From the ABA code of ethics: 1(c) Before advertising the presence of a rare bird, evaluate the potential for disturbance to the bird, its surroundings, and other people in the area, and proceed only if access can be controlled, disturbance minimized, and permission has been obtained from private land-owners. The sites of rare nesting birds should be divulged only to the proper conservation authorities.

The problem in your second scenario is not with the reporting, but with the birders who were not respectful. Bringing dogs is rarely appropriate and in this case really bad form. Interfering with the soccer game would be bad too, but in a public setting, the birders had a right to park, and use the facilities as much as the soccer team, except for the pitch itself. There is no question that the bird should have been reported.

From the ABA code of ethics:

2(c) Practice common courtesy in contacts with other people. Your exemplary behavior will generate goodwill with birders and non-birders alike.

There is no mention in the code of an obligation to report birds.

BIRDIST, birder, Maine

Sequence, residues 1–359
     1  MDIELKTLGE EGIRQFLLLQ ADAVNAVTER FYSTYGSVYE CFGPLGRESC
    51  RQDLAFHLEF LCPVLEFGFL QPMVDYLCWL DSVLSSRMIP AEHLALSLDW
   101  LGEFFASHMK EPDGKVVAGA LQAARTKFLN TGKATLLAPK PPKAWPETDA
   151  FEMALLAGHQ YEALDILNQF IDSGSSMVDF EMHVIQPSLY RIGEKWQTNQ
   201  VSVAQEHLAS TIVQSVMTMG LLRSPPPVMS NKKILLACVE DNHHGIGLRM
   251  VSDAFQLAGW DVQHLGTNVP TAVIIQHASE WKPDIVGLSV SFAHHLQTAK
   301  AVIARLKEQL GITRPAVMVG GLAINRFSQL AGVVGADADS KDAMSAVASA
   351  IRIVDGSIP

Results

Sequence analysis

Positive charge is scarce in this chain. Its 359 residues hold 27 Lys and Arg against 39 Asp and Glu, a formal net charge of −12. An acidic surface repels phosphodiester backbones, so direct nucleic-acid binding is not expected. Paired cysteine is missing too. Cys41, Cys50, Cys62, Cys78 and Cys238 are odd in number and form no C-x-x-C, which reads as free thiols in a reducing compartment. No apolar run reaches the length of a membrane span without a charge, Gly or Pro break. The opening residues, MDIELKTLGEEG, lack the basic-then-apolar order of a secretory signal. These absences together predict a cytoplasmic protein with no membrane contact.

I think birders do have an obligation to post exceptional sightings on listservs.  Of course the bird's welfare is the top priority, but something bothers me about an individual being able to decide what is and what isn't good for a bird that would provide a lot of joy for other birders.  One of the best things about a listserv is that everyone is equal.  In your inbox, each email appears the same, regardless of the sender's expertise or lack thereof.  I think this group mentality is hurt when birders make the decision on their own to deprive others of a bird.  If a bird requires certain etiquette, make it very clear in the post.  If it is on private property and access is limited, make it clear in the post.  When everyone knows the rules of a particular site there can be better enforcement or self-regulation.  I believe that working towards effective self-regulation or more acceptable methods of enforcement against birders who break the rules is the ideal, not limiting sightings based on personal discretion.